Australia's original Bachelor talks making - and losing - money


Australia's first Bachelor Tim Robards learned his good money habits from his accountant father. He's now working as an ambassador with ANZ to help inspire a younger generation to take control of their money.

At age 30, following a career as a chiropractor and believing  his life could do with a shake-up, Robards applied for the first TV season of The Bachelor. His stint introduced him to his wife and they now have a one-year-old daughter.

This role led him to becoming an actor with a long-running stint on Neighbours and appearances on I'm A Celebrity... Get Me Out of Here!, Dancing With the Stars, and Ninja Warrior. His latest TV series The Good Hustle, about a PR queen, will be out in January.

tim robards

Was it a tough decision to apply for The Bachelor?

It was a risk for my own personal brand. This was the first time the show was done in Australia and I could have become the most hated man in Australia. It might have made me less employable. Luckily I was in a job where I was self-employed, but I could have lost clients.

It was a risk but I had to weigh it up. I thought there was a good chance to meet someone and have a child. It was an adventure and I needed a shakeup in my life. I'd just turned 30 and had just come out of a relationship and as a chiropractor, I wasn't sure where I wanted my career to go. I was limited in the clinic - I could only see so many patients in a week.

Aside from finding a wife - criminal lawyer Anna Heinrich - and having your first child together, what else did The Bachelor do for you?

It brought a belief in myself. Every day I was putting myself out of my comfort zone. I wanted to get into acting and I didn't believe I could, but this helped me commit and one of the things I took from the show was to follow my passions.

Did having a supportive wife help?

Yes, supporting each other was a big thing as I had to leave the chiro practice full time and go into acting, and I had to leave my home from Monday to Friday to be on Neighbours for two years. It was straight after our marriage and her believing in me and supporting me was amazing.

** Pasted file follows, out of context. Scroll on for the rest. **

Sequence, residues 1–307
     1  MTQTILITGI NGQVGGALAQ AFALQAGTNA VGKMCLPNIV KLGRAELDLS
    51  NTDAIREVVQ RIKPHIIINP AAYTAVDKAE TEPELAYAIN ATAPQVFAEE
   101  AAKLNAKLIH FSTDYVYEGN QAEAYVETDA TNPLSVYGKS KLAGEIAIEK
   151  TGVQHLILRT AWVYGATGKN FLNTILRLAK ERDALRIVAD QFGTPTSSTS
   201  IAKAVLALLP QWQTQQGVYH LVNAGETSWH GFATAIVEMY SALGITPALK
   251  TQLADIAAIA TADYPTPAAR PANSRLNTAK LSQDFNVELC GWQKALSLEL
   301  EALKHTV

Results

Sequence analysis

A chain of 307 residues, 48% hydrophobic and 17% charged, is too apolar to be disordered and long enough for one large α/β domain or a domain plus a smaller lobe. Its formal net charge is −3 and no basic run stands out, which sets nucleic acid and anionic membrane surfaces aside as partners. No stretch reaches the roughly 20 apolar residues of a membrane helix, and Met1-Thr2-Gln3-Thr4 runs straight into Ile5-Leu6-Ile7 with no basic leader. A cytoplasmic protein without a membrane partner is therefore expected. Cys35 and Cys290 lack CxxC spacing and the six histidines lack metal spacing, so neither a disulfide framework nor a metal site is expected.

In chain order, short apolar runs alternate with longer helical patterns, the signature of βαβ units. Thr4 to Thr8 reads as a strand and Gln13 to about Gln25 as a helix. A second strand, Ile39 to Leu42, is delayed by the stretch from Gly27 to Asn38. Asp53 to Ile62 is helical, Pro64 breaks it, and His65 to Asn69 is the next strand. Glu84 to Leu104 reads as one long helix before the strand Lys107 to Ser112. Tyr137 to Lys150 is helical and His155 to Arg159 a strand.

What was your first job?

Mowing lawns and being self employed - for my grandmas, parents, and then a local subdivision - earned me a bit of pocket money from about age 12.

My first proper job was as a sandwich artist at Subway. I was pretty health conscious so I chose Subway over McDonald's. At uni I was a personal trainer and then I worked in a cafe - making juices and coffee. I then started doing some modelling for TV and then worked for a promotional company. My first real job after uni was as a chiropractor.

What's the best money advice you've received?

My dad's best advice was never to invest more than you can afford to lose, but also head down bum up, work hard, and study hard because you have to have money to save and invest.

What's the best investment decision you've made?

My initial one was one of my best investments. I was 18, I'd just left school, and there was a brand new townhouse build at a company my dad was working at. He said it looked good, it was a good price and a good build.